Session Type: Abstract Submissions (ACR)
Background/Purpose: Patients who undergo total knee replacement (TKR) and total hip replacement (THR) need significant help in the immediate post-operative period, when discharged to home. Limited or no data are available regarding the impact of family support on short and intermediate term pain and function outcomes after THR or TKR.
Methods: A subset of patients from a national joint registry undergoing primary TJR between 5/2013 and 6/2014 were queried patients at 2- and 8-weeks regarding pain severity and level of family support, assessed with validated single-item (0-10; 10=highest family support) and dichotomized, as previously into deficient (scores 5 or less) or non-deficient family support (6-10). Frequency distributions were used to describe the cohort; bivariate statistical tests to compare groups included the chi-square, Fisher’s exact, t tests and Wilcoxon-Mann-Whitney test.
Results: There were 1,502 primary TKR or primary THR respondents at 2-weeks and 1,514 respondents at 8-weeks. 1416 patients reported good level of family support and 86 reported deficient family support (level 5 or less; 5.7%) on the 2-week survey; 1,418 reported good family support 96 reported deficient family support (6.3%) on the 8 week survey. Patients with higher family support were older (66.4 vs. 63.0), more likely to be males (41% vs. 31%), and less likely to have income <45K (25% vs. 43%).
At 2-weeks, compared to patients with non-deficient family support (scores 6-10), those with deficient family support had significantly higher levels of pain severity (3.9 vs. 3.2), pain frequency (4.6 vs. 3.2) and lower levels of satisfaction with pain control (0.68 vs. 0.83), treatment satisfaction (5.6 vs. 6.0) and participation in decision-making (6.9 vs. 8.1). At 8-weeks, similar differences were noted: significantly higher levels of pain severity (2.5 vs. 1.8), pain frequency (4.4 vs. 2.9); and lower levels of current satisfaction with pain control (0.71 vs. 0.83), treatment satisfaction (5.4 vs. 6.0) and participation in decision making (6.9 vs. 8.4).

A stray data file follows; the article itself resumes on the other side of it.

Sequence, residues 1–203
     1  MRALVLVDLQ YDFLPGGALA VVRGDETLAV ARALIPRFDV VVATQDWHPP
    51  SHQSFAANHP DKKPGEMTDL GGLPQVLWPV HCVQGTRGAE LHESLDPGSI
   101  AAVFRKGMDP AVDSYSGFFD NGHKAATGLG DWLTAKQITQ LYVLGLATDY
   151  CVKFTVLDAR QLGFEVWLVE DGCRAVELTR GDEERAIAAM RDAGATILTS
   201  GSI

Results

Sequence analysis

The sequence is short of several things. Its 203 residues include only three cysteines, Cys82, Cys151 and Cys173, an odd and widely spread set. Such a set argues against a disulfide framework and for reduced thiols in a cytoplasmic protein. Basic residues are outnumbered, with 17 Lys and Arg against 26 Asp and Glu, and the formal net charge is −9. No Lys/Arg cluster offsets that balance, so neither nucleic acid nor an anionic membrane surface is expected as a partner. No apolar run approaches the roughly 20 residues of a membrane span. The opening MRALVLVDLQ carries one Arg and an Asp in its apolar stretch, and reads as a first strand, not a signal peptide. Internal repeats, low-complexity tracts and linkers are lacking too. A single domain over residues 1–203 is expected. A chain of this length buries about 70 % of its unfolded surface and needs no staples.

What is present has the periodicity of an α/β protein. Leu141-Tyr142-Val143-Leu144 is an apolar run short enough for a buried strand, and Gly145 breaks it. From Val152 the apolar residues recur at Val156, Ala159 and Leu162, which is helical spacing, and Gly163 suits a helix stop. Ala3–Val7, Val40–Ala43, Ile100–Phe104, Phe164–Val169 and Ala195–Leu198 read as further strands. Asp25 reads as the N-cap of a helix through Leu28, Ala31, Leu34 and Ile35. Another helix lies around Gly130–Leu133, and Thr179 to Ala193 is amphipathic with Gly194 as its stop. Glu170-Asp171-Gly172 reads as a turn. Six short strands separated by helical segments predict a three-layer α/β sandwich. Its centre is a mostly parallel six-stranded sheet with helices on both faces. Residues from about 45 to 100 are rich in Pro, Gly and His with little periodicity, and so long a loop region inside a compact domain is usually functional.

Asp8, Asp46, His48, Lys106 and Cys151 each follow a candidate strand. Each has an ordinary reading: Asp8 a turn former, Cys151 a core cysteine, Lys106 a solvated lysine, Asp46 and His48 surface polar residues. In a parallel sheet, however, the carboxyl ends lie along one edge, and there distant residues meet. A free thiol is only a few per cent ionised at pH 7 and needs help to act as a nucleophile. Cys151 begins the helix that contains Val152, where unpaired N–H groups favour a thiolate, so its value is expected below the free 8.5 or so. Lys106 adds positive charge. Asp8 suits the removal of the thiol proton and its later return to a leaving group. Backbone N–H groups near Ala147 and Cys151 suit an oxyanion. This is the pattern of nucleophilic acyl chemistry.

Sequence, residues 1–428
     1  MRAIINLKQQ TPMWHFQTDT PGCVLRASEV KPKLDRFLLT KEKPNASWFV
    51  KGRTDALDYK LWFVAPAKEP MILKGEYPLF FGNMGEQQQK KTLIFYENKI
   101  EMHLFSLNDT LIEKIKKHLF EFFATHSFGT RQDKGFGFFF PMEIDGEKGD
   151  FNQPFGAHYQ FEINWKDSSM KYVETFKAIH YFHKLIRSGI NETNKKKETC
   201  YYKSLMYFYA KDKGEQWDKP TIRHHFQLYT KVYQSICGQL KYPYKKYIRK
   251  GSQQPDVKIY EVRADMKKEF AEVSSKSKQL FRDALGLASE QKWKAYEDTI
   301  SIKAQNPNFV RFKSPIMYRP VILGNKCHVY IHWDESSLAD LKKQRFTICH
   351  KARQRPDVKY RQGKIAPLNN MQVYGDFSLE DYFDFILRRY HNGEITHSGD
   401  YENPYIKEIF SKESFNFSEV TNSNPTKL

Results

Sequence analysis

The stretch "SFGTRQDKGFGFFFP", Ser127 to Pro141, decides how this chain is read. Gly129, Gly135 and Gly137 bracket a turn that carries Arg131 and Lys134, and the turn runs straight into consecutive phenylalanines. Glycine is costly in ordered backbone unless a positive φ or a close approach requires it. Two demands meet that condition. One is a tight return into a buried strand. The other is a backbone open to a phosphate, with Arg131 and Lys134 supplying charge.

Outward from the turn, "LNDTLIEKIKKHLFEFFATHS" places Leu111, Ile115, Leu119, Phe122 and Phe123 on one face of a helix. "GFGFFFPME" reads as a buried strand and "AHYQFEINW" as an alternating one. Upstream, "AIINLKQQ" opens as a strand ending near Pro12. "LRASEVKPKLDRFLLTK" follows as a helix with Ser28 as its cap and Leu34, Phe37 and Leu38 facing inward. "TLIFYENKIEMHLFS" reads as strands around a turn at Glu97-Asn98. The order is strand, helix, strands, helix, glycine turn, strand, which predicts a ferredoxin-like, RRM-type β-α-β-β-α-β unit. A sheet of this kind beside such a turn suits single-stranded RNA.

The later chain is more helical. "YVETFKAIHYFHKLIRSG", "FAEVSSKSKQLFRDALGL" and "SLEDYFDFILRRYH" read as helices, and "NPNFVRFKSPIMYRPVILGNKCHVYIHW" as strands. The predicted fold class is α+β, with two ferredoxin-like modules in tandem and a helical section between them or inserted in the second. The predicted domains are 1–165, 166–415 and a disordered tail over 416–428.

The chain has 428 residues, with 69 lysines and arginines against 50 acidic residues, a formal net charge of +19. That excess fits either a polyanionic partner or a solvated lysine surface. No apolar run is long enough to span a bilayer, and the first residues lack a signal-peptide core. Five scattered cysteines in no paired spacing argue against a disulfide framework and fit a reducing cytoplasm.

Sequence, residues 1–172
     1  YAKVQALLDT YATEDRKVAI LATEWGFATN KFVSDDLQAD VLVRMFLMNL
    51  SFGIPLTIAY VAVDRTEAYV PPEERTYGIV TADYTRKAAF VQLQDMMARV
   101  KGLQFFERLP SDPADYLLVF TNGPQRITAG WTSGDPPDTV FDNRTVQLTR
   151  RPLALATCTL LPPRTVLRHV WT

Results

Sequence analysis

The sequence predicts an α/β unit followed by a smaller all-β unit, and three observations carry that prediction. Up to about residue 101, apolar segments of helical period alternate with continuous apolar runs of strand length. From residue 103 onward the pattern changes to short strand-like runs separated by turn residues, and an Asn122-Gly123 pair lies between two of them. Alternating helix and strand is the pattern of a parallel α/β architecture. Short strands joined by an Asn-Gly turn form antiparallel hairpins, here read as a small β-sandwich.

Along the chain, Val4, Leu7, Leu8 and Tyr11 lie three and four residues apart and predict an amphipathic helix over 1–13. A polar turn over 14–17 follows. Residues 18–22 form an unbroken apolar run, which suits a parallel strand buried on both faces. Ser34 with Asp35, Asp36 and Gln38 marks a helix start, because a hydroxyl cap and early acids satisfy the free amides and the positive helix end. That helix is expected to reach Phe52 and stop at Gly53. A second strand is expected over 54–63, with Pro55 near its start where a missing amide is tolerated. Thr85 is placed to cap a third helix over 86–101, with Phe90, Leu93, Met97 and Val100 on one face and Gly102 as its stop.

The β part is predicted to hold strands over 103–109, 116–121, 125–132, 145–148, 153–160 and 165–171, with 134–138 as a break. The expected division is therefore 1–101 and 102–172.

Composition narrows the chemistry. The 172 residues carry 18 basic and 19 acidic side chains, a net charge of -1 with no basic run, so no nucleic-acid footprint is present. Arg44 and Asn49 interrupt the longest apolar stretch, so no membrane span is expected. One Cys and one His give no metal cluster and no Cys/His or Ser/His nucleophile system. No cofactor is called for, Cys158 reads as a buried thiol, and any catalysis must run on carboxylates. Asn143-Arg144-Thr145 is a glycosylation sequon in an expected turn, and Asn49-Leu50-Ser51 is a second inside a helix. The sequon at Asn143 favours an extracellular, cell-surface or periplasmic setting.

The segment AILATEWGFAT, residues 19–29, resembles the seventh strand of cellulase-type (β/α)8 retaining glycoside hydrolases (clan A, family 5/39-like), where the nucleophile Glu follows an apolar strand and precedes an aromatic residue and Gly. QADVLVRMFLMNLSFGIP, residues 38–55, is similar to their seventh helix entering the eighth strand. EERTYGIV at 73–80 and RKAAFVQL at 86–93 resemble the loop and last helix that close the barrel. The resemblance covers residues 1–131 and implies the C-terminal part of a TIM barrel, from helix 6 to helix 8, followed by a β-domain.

Conclusion: To our knowledge, this is the first study examining the association of family support with pain and other outcomes after TKR and THR. A positive association of non-deficient family support with better pain and satisfaction outcomes is a novel finding. Further research into how to translate these findings into improved outcomes after TKR/THR for those with deficient family support are needed.
J. A. Singh,
K. G. Saag,
P. D. Franklin,
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ACR Meeting Abstracts - https://acrabstracts.org/abstract/effect-of-family-support-on-short-and-intermediate-term-pain-and-function-outcomes-after-knee-or-hip-replacement/